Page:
Target Agrees to $39 Million Settlement in Data Breach Suit
December 2, 2015
December 2, 2015
Reporting from CUNA. A proposed $39 million settlement has been reached between Target Corp. and the credit unions and other financial institutions that brought claims related to the retailer’s massive December 2013 data breach. The settlement still awaits federal court approval.
According to an announcement by financial institution counsel, the settlement payment of up to $39,357,939.38 includes:
- Up to $20,250,000 that Target will pay directly to settlement class members and for the notice and administration of the settlement; and
- A $19,107,939.38 payment by Target to fund MasterCard’s Account Data Compromise program relating to the data breach, and to give up its right to challenge MasterCard’s assessment, which Target would have continued to dispute in the absence of the class settlement.
A CUNA investigation found that credit unions incurred more than $30.6 million in costs related to the breach, and it continues to press lawmakers to pass legislation that would require merchants to uphold stronger data security standards.
The release noted that, if approved, the settlement will become the first class-wide data breach deal reached on behalf of financial institutions. It also said the settlement would apply to all U.S. financial institutions that issued payment cards identified as compromised as a result of the data breach at Target.
However, financial institutions that previously released claims against the retailers by participating in a settlement deal offered by Visa or MasterCard would not be included in the settlement.
“This settlement is a strong and important result for those financial institutions that sustained losses as a result of the Target data breach, providing compensation well beyond what the card brand networks offered,” said co-lead plaintiffs’ counsel Charles Zimmerman of Zimmerman Reed PLLP and Karl Cambronne of Chestnut Cambronne PA. “It also sets an important precedent that financial institutions should not always have to bear the burden of extensive costs related to merchant data breaches over which they have no control.”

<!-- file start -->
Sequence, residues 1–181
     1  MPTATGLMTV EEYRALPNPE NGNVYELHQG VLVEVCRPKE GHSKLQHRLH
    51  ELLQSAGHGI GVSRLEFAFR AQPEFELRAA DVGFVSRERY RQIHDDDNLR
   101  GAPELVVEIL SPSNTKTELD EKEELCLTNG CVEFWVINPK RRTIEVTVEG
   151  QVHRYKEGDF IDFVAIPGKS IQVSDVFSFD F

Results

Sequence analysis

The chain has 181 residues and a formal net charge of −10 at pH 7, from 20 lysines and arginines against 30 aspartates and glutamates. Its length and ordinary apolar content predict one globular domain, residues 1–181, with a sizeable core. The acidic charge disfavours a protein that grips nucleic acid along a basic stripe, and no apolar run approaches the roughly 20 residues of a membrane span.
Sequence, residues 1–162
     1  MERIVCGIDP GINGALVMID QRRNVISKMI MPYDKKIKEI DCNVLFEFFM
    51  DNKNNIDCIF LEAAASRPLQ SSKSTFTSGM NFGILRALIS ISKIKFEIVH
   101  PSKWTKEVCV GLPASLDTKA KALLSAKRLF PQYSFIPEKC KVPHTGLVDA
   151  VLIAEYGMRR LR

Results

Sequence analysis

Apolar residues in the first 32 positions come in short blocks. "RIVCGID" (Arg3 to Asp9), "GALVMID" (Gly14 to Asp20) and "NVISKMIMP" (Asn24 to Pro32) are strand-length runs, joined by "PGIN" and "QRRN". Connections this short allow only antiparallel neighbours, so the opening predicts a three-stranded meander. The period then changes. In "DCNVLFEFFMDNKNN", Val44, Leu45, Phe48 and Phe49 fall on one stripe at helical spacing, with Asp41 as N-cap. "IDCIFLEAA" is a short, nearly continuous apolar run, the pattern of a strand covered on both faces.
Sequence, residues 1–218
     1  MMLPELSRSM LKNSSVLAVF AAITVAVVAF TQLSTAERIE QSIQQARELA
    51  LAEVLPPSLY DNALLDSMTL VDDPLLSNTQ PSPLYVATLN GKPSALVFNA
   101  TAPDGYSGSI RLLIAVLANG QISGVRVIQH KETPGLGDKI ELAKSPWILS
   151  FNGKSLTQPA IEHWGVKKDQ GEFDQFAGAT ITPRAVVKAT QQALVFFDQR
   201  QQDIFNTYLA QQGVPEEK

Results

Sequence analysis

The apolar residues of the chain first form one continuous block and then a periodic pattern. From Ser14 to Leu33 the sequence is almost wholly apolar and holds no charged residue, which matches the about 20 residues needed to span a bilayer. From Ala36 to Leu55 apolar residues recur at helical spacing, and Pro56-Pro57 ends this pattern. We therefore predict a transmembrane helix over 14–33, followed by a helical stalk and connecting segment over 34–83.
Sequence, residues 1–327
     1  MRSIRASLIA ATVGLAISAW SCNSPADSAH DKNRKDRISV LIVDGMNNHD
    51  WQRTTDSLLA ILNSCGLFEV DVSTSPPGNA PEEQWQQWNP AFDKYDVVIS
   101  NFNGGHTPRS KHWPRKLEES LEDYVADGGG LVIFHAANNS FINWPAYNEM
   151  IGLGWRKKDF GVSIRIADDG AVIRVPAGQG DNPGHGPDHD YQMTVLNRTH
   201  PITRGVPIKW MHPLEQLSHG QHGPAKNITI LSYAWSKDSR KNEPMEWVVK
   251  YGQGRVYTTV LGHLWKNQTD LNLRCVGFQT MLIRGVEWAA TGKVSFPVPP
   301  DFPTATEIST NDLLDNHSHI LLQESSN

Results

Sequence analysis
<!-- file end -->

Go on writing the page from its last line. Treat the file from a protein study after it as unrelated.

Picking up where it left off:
If approved, eligible financial institutions will be able to submit a claim form to receive a cash payment, which will be added to funds already received through Visa’s Global Compromised Account Recovery (GCAR) program, MasterCard’s Account Data Compromise (ADC) programs, or any other card brand reimbursement program. Class members would receive the official court-authorized notice and claim forms by mail, or through the settlement website. Payments to settlement class members will be made after the court approves the settlement and all appeals have been completed.
The U.S. District Court of Minnesota is holding a preliminary approval hearing today. If the settlement receives preliminary approval, the parties will be directed to distribute notice to financial institutions. A final approval hearing will be held next year for the court to determine if the settlement is fair, reasonable and adequate. The settlement website will contain the settlement agreement, notice, hearing dates and other important information.
Questions about this story? Contact James Pearson: 206.340.4790, email@example.com.
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